§ 3.39 p.m.
§ Lord Williams of Mostyn
I beg to move that the Grand Committee do report to the House that it has considered the draft Budget (Northern Ireland) Order 2003.
Again, it is a matter of regret that this legislation is not being considered by the Northern Ireland Assembly. The purpose of the draft order is twofold. The first is to authorise the use of £306 million resources and £422 million cash for the year 2002–03. That builds on the amounts previously authorised, as set out in the main estimates for that year, and will take the total amount authorised to £10,503 million resources and £9,320 million cash.
The second purpose is to authorise a vote on account to allow funds to continue to flow to public services for the early months of the next financial year until main estimates can be presented and considered. For that, the draft order seeks the authorisation of Parliament for the use of resources amounting to £4,762 million and for the issue from the Consolidated Fund of Northern Ireland of the sum of £4,195 million.
In general, the cash and resource required on account for 2003–04 is of the order of 45 per cent of the 2002–03 total voted provision and, as its name implies, the vote on account is not intended to seek final approval of the allocations for 2003–04. We are simply seeking sufficient resources and cash to allow services to proceed until the detailed work on the main estimates has been completed in the late spring.
If your Lordships approve this tomorrow, they will not be pre-empting the decision of the Assembly on any final allocations for the 2003–04 budget, as only 45 per cent of the total proposed budget is being 11GC sought. The details are given in the spring supplementary estimates and the vote on account, copies of which have been placed in the Libraries of both Houses.
I shall not go through the detailed changes on a line-by-line basis as the introduction to each departmental estimate within the supplementary estimates book sets out in detail the main changes for which approval is being sought. Certainly, if Members of the Committee wish to raise matters of detail, I shall do my utmost to respond in writing at a later stage. Copies will be sent to all noble Lords who have an interest in Northern Ireland and further copies will, of course, be lodged in the Library.
In relation to the next financial year—2003–04—the cash and resource totals represent a vote on account pending the bringing forward of main estimates in early summer. A vote on account at this point in the financial year, prior to the year in which the cash or resources will be used, is a normal feature of government financial management. It arises because, following the approval of the budget in December, detailed work must be undertaken by departments to disaggregate and allocate resource requirements for individual purposes—often through very narrowly defined line entries.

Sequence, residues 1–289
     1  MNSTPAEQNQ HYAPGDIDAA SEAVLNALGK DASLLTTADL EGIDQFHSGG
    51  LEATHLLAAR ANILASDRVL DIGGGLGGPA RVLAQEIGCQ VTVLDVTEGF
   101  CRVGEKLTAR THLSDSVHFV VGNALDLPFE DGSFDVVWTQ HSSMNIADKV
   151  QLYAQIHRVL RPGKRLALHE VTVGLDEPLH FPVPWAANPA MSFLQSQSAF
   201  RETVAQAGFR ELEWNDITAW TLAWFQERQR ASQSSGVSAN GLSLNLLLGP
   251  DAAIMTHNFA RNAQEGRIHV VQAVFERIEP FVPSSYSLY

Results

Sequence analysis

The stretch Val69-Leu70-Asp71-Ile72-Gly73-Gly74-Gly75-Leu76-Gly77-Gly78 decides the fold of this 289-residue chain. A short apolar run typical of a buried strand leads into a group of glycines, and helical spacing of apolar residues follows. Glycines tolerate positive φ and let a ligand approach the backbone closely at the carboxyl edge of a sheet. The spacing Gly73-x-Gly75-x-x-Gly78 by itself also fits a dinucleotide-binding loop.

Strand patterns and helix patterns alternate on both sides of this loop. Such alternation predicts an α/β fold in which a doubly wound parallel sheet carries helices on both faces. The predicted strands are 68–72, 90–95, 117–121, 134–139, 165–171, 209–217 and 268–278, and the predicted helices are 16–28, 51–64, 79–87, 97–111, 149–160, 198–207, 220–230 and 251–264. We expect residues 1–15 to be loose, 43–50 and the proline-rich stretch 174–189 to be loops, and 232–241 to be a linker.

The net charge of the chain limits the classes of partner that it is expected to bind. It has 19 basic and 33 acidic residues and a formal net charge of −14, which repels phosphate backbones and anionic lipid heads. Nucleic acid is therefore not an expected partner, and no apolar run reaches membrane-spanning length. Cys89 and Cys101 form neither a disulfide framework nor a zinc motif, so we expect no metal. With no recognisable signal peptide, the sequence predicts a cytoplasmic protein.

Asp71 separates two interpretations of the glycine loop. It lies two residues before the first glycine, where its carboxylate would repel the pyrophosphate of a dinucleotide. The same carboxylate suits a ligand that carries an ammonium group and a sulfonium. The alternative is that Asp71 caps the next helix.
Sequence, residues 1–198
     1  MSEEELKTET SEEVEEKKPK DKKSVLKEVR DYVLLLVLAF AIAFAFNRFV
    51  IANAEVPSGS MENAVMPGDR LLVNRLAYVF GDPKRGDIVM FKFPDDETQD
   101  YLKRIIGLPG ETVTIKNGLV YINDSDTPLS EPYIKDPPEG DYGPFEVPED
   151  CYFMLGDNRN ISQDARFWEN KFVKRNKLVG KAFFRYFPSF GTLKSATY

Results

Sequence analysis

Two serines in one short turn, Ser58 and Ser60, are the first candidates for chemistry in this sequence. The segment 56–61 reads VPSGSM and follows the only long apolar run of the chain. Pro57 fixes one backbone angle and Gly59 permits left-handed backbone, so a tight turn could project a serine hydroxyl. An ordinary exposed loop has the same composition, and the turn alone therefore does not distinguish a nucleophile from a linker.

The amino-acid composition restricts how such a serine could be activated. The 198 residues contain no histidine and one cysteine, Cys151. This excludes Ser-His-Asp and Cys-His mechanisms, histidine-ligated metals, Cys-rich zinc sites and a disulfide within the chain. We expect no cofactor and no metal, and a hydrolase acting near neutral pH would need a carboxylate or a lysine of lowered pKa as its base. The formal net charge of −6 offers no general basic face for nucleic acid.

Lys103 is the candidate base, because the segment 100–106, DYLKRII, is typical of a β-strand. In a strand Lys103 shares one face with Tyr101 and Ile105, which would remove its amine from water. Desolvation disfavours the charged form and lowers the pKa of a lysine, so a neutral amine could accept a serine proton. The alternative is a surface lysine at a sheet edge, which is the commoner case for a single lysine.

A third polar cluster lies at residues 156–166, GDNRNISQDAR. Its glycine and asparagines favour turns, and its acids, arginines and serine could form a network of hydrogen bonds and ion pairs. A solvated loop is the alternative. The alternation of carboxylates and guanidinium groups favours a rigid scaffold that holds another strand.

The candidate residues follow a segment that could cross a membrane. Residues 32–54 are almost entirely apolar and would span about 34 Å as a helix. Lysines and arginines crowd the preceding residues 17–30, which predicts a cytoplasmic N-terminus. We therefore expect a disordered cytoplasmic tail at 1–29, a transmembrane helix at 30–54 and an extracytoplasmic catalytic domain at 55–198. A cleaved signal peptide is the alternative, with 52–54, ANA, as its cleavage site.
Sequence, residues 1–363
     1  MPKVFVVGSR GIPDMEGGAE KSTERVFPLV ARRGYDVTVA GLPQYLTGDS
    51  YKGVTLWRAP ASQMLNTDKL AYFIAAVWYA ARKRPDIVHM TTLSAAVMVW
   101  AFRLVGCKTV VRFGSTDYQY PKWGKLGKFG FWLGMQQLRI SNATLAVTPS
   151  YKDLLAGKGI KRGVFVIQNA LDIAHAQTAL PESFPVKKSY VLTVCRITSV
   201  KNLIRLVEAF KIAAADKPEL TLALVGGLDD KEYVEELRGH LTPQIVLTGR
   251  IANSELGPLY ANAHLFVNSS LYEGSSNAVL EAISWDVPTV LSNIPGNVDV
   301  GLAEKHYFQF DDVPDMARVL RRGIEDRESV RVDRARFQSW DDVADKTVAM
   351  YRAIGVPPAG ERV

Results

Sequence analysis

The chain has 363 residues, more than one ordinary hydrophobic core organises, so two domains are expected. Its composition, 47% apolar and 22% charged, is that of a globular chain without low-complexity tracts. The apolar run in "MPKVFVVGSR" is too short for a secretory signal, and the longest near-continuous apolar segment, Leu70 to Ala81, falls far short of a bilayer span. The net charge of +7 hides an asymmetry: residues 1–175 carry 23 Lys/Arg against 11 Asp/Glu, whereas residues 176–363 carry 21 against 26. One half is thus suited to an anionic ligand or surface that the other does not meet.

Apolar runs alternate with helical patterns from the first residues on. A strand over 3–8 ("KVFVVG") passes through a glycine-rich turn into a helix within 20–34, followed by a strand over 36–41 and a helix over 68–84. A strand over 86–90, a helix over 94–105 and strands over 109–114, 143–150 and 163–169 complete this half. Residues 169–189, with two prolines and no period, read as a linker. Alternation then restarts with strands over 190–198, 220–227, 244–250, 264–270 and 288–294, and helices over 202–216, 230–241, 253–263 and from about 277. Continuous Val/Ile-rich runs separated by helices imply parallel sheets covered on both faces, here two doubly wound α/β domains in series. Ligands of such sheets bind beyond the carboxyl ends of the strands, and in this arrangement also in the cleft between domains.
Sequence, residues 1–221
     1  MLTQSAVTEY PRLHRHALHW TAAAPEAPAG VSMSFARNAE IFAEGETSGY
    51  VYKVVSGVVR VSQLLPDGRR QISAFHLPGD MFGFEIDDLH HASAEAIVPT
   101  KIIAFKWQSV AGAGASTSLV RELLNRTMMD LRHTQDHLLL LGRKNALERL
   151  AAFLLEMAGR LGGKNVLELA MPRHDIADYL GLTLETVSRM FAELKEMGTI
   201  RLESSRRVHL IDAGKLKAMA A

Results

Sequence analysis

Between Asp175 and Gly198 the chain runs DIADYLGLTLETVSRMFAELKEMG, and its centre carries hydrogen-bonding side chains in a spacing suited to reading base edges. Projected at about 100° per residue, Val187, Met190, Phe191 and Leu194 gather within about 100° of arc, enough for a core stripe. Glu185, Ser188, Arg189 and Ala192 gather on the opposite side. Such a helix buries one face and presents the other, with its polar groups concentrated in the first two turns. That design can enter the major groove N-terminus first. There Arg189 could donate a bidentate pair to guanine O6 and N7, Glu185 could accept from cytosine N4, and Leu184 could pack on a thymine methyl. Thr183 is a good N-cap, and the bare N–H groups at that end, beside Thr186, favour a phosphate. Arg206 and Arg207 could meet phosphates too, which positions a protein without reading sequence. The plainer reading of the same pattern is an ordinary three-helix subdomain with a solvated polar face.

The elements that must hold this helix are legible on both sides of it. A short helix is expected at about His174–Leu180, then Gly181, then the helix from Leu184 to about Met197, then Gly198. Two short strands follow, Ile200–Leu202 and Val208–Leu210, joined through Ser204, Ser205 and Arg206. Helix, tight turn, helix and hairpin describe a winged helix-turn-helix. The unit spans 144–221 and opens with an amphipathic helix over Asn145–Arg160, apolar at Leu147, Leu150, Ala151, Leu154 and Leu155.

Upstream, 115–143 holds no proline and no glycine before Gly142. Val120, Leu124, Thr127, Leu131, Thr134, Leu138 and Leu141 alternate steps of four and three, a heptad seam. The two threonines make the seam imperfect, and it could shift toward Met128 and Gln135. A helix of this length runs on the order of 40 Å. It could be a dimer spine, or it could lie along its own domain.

There will be an opportunity for a further and full debate on the detail of the main estimates in early summer. I commend the order to the Committee.
Moved, That the Grand Committee do report to the House that it has considered the draft Budget (Northern Ireland) Order 2003.—(Lord Williams of Mostyn.)
§ Lord Glentoran
I thank the Minister for that explanation. I also take this opportunity to thank the officials, who were very patient in trying to explain to me, as someone who is completely ignorant of this level of national financing, how the budget may or may not work.
In relation to the order, ultimately I came to the conclusion that the first part—the £4,195 million—has already been accounted for and that decisions have been made by the Assembly as to how it should be used. As the noble and learned Lord explained, decisions are not ready to be made on the detail or allocation to departments in respect of the larger sum for the year 2003–04, and that is the sum likely to be required to run Northern Ireland for the year 2003–04. That is as far as I was able to understand the national accounting procedures relating to the order. However, it seems to be very satisfactory.
§ Lord Smith of Clifton
Of course, if we do not back the order, the good governance of Northern Ireland will come to a complete standstill. Tempting though that might be, we must nevertheless support it.
§ 3.45 p.m.
§ Lord Brooke of Sutton Mandeville
My question will be an ignorant one, but it is my test of whether I have understood matters. It appears that the 12GC figure that appears in paragraph 8 is 45 per cent of £10,503,229,000. It appears in paragraph 8 as £4.7 billion and is the amount authorised. Paragraph 6 states:The Department of Finance and Personnel may issue out of the Consolidated Fund and apply to the service of the year",the sum of £4.195 billion. Does the difference between the two figures represent accrued resources? If not, what does it represent?
§ Lord Williams of Mostyn
The noble Lord is right, and I am deeply grateful to him. That avoids any further explanation.
The noble Lord, Lord Glentoran, said—self-deprecatingly, as always—that he had found this a minefield. I must join him and say that I hope that we shall not both be caught in it.
§ Lord Glentoran
I have one last question. In which budget is the money with which the previous order was concerned accounted for? Is it in the 2003–04 budget, the 2002–03 budget or neither?
§ Lord Williams of Mostyn
It will be included in the detailed figures that will be subject to the debate that I said we would be able to have on the main estimates in the summer.
§ Lord Rogan
The Committee will be relieved to hear that the few remarks that I want to make will be of a less technical nature. Once again, I register my regret that the budget for Northern Ireland is being considered here as an Order in Council. Given the huge sums involved, it would have been more satisfactory if Northern Ireland Assembly committees had been able to scrutinise the budget in more detail.